So at the end, when I was almost cooked like a potato I apologised and told him that I couldn’t stand the heat anymore and that I had to get out of there! 😀 So…make sure to start a conversation in a comfortable place with them! 😀 Icelanders are amazing, you are going to love them.

So let’s go back to the main topic. To sum up, if you want to volunteer with WorldWide Friends you can do it in two ways:

_being a short-term volunteer

_or being a Camp Leader as I did

To be a volunteer you can just apply contacting your local organization via The Alliance of European Voluntary Service Organizations . You will have to pay the participation fee of the local organisation and of WF.
The reasons why WF Iceland charges a participation fee are:

  • Lack of support from the government and other sources
  • WF covers both food and accomodation costs and supplying food is quite expensive in Iceland compared to other European countries

The work camps provided by WF are available online and you can check them in the section “Work Camps in Iceland” clicking here.
There are no maximum age limits in the majority of the work camps. In general, volunteers should be at least 18 years old but there are teenage camps during the summertime if you are very young.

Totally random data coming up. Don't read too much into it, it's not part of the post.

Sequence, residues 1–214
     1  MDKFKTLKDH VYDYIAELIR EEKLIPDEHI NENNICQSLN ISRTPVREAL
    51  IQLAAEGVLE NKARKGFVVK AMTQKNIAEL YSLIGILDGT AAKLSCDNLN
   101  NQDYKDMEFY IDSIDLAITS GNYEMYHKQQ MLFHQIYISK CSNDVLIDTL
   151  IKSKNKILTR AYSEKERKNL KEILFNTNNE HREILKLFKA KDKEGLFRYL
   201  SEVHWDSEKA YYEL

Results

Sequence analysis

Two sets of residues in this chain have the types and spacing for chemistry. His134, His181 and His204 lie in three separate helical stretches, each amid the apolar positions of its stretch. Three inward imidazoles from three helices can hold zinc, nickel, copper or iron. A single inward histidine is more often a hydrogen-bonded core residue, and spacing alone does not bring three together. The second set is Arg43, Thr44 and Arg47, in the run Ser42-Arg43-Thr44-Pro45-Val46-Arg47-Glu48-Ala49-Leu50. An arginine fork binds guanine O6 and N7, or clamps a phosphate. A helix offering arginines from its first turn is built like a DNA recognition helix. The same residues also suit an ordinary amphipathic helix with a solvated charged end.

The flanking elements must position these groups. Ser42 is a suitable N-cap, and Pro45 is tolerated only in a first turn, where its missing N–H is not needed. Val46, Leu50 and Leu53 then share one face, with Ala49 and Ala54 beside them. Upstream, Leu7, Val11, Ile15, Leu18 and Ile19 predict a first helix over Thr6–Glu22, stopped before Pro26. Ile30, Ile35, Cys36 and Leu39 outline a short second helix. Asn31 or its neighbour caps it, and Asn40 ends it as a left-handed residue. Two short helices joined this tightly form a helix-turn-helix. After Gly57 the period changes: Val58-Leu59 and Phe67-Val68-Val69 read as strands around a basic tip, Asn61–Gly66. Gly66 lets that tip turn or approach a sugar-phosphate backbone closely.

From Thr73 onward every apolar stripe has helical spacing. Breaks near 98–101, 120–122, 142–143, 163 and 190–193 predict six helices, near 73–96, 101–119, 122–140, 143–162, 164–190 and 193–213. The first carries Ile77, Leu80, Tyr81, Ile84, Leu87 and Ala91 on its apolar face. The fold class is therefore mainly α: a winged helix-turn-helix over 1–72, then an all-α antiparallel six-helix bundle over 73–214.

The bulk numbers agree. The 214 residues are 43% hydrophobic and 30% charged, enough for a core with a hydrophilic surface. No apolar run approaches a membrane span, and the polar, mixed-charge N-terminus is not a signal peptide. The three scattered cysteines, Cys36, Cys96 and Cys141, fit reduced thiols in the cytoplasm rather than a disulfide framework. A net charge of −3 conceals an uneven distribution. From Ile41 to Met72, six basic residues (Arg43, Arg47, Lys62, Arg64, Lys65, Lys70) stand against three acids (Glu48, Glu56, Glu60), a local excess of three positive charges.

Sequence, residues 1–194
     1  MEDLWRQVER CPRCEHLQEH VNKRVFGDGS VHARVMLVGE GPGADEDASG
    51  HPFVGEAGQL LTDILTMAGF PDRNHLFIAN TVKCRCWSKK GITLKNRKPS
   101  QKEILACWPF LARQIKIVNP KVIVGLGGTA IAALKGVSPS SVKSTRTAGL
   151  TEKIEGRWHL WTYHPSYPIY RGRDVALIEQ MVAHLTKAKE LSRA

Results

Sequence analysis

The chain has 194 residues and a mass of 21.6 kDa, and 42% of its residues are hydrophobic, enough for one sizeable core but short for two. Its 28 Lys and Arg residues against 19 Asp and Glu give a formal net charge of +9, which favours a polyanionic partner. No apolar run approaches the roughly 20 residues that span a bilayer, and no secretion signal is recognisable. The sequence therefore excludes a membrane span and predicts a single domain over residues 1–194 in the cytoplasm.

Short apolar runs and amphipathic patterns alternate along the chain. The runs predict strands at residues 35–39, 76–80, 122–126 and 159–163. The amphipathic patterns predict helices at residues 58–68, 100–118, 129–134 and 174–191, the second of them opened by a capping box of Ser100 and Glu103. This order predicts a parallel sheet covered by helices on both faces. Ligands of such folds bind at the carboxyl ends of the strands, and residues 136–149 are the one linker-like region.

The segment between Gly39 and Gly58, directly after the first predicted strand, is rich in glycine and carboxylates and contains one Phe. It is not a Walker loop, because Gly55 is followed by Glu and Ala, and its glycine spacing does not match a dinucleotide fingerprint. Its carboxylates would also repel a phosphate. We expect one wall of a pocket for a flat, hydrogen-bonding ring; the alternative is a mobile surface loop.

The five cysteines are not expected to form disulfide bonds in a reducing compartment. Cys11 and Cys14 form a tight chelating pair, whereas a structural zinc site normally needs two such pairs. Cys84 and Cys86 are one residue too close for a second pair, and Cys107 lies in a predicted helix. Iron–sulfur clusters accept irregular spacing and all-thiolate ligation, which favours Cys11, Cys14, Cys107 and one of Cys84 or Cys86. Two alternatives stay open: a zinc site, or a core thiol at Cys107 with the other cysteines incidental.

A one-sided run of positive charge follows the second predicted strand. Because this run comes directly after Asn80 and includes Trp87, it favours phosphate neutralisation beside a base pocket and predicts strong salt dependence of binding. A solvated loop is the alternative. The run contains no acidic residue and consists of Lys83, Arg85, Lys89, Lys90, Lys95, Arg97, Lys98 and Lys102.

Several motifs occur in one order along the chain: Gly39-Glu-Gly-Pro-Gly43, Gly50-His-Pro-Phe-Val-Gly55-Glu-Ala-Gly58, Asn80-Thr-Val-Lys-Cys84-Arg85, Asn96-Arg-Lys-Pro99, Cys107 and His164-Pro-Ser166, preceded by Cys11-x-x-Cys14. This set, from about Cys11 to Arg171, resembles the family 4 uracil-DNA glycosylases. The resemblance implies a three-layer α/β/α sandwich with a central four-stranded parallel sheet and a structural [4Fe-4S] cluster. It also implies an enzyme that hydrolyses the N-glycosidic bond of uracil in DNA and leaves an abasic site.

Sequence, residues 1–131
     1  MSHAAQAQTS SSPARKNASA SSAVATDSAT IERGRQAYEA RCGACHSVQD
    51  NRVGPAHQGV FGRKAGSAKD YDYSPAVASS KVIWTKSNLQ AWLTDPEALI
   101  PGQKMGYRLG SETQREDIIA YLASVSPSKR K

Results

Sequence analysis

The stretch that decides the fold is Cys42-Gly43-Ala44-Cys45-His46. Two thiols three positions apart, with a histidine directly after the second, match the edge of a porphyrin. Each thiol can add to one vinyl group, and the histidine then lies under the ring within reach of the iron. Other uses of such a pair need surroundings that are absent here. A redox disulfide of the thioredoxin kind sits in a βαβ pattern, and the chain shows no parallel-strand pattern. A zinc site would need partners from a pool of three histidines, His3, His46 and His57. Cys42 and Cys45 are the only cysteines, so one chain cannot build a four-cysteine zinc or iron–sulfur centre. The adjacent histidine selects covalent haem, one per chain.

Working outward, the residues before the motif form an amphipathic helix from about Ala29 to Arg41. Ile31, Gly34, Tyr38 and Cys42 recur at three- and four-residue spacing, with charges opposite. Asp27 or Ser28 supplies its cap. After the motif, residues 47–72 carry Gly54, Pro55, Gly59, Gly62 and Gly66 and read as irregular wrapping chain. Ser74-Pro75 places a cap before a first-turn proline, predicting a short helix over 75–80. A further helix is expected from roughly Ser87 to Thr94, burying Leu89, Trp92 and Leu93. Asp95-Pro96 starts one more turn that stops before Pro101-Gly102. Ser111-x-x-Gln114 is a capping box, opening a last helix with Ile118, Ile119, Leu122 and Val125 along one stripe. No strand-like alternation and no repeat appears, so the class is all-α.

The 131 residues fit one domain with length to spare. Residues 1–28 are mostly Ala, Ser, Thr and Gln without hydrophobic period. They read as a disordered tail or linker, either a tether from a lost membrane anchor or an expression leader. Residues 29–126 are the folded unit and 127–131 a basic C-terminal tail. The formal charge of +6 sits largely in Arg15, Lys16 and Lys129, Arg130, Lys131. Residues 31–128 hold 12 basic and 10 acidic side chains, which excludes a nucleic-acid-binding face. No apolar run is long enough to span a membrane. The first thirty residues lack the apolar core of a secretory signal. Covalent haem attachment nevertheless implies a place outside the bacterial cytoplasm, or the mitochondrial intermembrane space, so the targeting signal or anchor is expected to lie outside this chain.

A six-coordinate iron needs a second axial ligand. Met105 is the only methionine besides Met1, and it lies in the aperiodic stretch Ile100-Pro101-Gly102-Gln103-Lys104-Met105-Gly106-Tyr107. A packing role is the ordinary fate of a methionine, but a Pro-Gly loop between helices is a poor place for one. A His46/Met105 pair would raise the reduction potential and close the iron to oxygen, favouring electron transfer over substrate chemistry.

Work camps typically last 10 to 14 days as I’ve already written before. Working hours are usually about 20-35 hours a week (five to seven hours a day, five days a week). Any exception will be noted in the project descriptions that you can find on the WF’s website.

On the other hand if you are interested in being a Camp leader you must assure at least 3 months of availability to the organisation. I applied by Aiesec and I had to go through some interviews. I don’t think there are more ways to be “hired” by WF but I remember there were one or two Camp Leaders that went there through Erasmus Plus. So maybe you can try both ways.

There are always one or more leaders for each camp, depending on the size of the group. Leaders represent the link between the hosting community and the group of volunteers. They coordinate the work and organize free time activities. In addiction they plan excursions and shopping, cleaning and cooking sessions.  Apart from these additional responsibilities, Camp Leaders have to be equal to the other volunteers and very open-minded.

Moreover every 2 or 3 weeks Camps Leaders can be sent in different work camps in order to have the chance to visit more towns and areas of Iceland.